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02/26/2017

Comments

Parker Kellam

The opening sentence of the conclusions says, "The electricity derived from coal is an integral part of our daily lives." This general idea was about the only benefit I found that paper mentioned (granted it never said it was going to address those). That said, I'm curious after reading about all of the costs associated with coal mining, why we have let it continue for so long. It seems like the costs and negative externalities produced far exceed the benefits. If this is the case, why hasn't our innovation of substitution kicked in here?

Monette Carli

Like Parker, I find myself wondering what the benefits of coal are and how they could possibly outweigh all of the negative impacts discussed in this paper. As the paper mentioned, China is the largest consumer of coal. This comes as no surprise to me, as I have seen the level of pollution first-hand. From my trip to China, I remember walking around Shanghai, unable to see the tops of the buildings because the smog was so thick. With such apparent and extreme negative externalities of coal use, I would guess that the Chinese population will start to address the issue and hopefully innovate to provide cleaner energy. Even though coal is an important source of energy that everyone benefits from, it seems possible that the even the health issues alone may start to impose costs much greater than the benefits of coal.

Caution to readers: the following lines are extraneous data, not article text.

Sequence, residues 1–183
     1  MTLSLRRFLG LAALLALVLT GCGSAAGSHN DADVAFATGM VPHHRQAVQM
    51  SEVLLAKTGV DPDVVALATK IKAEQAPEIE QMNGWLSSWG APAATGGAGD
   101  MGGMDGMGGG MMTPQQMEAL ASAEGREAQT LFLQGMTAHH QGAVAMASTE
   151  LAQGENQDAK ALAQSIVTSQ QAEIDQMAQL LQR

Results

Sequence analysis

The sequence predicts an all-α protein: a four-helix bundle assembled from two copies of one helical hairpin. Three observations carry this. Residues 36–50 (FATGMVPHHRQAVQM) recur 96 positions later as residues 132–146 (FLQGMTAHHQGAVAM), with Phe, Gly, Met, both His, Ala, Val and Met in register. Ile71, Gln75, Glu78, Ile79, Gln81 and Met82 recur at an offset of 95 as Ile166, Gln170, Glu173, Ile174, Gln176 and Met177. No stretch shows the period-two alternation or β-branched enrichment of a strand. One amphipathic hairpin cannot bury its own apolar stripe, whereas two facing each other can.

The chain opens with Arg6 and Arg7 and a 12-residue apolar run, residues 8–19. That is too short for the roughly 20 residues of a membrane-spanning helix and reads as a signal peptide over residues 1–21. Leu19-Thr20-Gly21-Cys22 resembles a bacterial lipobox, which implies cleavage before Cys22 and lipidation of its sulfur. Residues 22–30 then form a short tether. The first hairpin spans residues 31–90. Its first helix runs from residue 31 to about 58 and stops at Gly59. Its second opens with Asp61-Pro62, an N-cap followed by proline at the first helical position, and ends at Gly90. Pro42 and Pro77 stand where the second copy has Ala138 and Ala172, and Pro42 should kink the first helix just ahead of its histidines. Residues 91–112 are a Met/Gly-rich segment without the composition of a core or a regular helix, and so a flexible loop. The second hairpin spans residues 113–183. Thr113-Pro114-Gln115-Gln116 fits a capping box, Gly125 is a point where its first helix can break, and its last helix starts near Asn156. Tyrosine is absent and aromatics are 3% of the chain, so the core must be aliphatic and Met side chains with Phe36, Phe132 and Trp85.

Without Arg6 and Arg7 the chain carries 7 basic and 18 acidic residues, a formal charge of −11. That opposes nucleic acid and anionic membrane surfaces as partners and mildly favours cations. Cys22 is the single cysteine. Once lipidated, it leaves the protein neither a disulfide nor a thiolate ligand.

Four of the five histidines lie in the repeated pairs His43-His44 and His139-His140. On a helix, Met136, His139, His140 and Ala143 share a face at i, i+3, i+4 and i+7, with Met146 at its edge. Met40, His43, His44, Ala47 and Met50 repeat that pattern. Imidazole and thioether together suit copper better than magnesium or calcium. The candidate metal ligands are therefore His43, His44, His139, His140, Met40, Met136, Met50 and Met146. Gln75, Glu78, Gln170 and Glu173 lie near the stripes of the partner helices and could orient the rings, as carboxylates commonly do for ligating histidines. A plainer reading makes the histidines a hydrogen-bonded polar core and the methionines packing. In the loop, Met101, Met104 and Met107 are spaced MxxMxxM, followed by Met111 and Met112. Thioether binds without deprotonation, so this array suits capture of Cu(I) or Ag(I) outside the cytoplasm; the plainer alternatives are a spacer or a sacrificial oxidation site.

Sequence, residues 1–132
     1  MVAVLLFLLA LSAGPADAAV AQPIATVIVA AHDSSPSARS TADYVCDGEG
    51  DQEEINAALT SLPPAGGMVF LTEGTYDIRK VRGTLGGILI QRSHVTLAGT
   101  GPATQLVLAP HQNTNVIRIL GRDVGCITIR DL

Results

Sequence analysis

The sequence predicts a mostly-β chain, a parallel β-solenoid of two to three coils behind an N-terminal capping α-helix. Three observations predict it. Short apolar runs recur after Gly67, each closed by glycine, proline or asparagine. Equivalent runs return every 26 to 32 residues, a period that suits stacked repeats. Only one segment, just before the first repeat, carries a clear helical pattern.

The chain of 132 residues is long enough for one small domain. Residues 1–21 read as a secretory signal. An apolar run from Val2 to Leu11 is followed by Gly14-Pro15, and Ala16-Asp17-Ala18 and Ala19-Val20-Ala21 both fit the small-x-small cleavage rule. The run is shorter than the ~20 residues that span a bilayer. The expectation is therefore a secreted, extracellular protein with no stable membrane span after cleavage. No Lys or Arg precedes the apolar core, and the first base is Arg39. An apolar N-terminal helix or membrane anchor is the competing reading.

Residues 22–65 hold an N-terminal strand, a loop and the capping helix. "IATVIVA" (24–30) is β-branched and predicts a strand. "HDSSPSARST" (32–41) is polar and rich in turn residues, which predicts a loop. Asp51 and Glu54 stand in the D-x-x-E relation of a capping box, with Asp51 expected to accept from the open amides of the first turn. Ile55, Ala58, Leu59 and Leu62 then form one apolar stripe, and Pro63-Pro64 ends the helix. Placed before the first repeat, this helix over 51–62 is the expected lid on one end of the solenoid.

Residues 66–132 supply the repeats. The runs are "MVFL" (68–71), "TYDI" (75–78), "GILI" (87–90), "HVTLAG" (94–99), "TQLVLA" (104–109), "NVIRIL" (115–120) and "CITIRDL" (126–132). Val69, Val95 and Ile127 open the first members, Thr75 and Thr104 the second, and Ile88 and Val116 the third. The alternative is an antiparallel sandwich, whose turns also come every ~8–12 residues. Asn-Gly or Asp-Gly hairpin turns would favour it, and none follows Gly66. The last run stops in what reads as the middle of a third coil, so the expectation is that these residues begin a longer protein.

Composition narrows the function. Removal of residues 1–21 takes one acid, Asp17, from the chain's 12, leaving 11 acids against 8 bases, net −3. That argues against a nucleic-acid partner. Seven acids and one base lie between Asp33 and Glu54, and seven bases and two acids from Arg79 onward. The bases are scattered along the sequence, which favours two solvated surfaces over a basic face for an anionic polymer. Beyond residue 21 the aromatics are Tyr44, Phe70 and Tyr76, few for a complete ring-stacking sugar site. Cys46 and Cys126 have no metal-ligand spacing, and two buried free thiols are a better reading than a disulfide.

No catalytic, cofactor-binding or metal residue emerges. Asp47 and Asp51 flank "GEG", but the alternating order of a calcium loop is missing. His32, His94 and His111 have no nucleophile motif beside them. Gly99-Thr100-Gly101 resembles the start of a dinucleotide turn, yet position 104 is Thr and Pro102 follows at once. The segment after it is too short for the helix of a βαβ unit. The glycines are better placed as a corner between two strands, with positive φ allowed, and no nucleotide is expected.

Chantal Iosso

Like the previous two commenters, I wonder why coal has remained widely used. Although some downsides to coal production are not well known, the dangers to air quality and lung health of miners is very established by this point. Some arguments that I have heard about the continued use of coal are its cheapness (obviously) and the fact that people who have grown up in coal mining towns have few alternatives and don’t want to leave their current profession. However, this article seems to suggest that there are few upsides to their job. Between the health risks, the instability of the job, and the connection to poverty and depression, among other things, it doesn’t seem like a particularly desirable thing to cling tightly to. It would be interesting to hear a miner’s perspective on why they wish to remain in their current profession, even if they could be reeducated for free to work in solar energy (a program that the Obama administration offered). One possibility is that the miner’s wages were higher because of the risky nature of the job, and so the lower wages of safer jobs are not attractive. More money now might erase the concern of future health problems.

Kinsey_Grant

This paper poses an interesting question in determining the public health damages and the burdens in Appalachia associated with coal mining. The astounding 81% share coal takes of CO2 emissions is of paramount importance, but the value of a human life is arguably of more importance (at least in the short term). I took part in an in-depth reporting project examining government and company-funded benefits for former coal miners suffering from black lung. As part of the project, I traveled to West Virginia to interview former miners and attempt to better understand their struggles. I was taken aback by the effort they had to exert to simply get through half a sentence. Coal mining quite literally took the breath out of many of the men. I learned a great deal about coal mining processes and the corporate scheme that keeps the miners from getting any money for treatment. But the most interesting part of the interview was when we asked the miners if they would tell their own sons not to go into the mines. Each and every one said they not only approved of their sons’ decisions to follow them in mining, but encouraged it. The issue is one of changing a culture, much like many issues economists face in creating policy to improve the environment.